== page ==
Additionally, the center will support a study of how exome sequencing of cancer patients may be helpful to oncologists, Garraway said. Known as CanSeq, the study aims to sequence the exomes of 200 lung cancer and 200 colon cancer patients and will analyze the results over the next two years.

Garraway said the researchers are addressing the questions of what information to return to oncologists as well as the practicalities of generating and interpreting that information in a relevant time frame.

Thus far, Garraway said that one of the main challenges has been "the ability to robustly curate a whole exome." Currently, analyzing data and determining what data is clinically relevant is a very manual, time-consuming process that involves a tumor board that reviews each case. But in any given meeting, said Garraway, a board may only get through a couple of patients, creating a backlog.

As such, he said one goal is to identify ways that will enable this to be done much more quickly, including building a knowledge base of variants that will allow much of the process to be automated.

Another option is to do a "first-pass curation" quickly and put in place a mechanism for the oncologist to request a consultation if a more detailed interpretation is needed, Garraway said.

Recently, the researchers also received funding from the Stand Up to Cancer Initiative to include prostate cancer patients in the CanSeq study. Garraway said CanSeq will continue to be broadened in a targeted way with breast cancer most likely next on the list. "We want to do this in such a way so that we have particular questions for each disease," he said.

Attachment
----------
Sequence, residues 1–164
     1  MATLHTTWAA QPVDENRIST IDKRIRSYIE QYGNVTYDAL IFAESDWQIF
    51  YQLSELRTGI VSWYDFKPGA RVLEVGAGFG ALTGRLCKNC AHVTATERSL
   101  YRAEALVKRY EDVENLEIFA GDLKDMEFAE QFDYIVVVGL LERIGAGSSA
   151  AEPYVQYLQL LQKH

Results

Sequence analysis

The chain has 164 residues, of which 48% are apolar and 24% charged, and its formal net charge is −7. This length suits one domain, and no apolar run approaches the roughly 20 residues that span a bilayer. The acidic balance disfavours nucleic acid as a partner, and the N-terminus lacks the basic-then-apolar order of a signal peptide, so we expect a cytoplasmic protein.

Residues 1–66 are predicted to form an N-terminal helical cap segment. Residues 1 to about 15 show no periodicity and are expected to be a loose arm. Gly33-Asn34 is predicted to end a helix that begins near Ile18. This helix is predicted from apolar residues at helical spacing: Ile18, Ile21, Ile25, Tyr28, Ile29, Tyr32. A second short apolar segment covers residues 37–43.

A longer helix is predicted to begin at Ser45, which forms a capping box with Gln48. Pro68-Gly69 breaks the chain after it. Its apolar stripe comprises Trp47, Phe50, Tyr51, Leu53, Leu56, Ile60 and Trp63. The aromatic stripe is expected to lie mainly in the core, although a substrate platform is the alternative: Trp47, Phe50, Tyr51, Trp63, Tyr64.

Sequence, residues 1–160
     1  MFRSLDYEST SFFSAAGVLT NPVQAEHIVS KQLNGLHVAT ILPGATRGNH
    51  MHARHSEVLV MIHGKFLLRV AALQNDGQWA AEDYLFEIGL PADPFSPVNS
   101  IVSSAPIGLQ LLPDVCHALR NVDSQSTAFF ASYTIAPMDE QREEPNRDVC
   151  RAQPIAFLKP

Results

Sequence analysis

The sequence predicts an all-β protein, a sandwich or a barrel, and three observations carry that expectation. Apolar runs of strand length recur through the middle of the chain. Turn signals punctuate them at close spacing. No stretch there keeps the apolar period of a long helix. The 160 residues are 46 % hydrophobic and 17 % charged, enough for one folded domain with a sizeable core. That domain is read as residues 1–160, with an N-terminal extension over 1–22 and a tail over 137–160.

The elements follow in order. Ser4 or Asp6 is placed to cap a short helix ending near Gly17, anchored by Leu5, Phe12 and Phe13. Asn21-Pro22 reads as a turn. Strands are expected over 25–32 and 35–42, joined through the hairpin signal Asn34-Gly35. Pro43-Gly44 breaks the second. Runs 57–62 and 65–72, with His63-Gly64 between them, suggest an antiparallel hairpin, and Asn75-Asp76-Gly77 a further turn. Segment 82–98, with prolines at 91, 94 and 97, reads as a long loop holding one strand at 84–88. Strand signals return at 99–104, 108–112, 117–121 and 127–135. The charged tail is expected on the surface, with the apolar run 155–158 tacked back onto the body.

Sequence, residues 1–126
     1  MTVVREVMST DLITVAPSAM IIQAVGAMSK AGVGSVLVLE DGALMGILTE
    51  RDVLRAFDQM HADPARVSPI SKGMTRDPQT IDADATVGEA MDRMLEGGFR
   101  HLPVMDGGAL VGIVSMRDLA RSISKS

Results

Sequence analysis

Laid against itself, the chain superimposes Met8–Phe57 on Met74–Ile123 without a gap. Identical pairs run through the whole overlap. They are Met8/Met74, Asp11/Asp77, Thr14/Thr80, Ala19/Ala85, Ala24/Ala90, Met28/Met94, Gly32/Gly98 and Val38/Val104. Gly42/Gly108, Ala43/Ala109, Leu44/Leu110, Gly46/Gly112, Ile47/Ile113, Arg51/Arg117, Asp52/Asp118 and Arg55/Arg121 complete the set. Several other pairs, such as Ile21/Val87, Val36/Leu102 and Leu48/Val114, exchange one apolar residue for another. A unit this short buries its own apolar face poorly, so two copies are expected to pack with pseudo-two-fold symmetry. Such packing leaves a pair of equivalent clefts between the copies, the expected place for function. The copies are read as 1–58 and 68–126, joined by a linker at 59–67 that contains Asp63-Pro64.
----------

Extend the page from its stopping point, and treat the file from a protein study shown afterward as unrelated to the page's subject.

Overall, Garraway said that the new center will impact both current patients as well as help to guide research studies that will make a difference for future patients.

"In many cases we would expect to be able to use the [genomic] information to guide the next round of treatment. We're designing this to make that possible," he said. Additionally, the data will also help inform future clinical trials and studies. For instance, he said, we might learn if we were to biopsy a patient prior to treatment, during treatment, and after relapse, that although the targeted drug did hit the target, adaptive changes happened during treatment that make the drug work less well.

While that data may be useful for the particular patient, it is more likely that the data will inform a new clinical trial, for instance, one that uses combination therapy to overcome the drug's waning effectiveness.

"The goal certainly is to use the data in as much as it meets our current understanding to help guide the next therapeutic choice for a patient, but equally, there's a lot more to learn in terms of how we need to design new therapeutic combinations and how they need to be given to achieve more lasting control," Garraway said.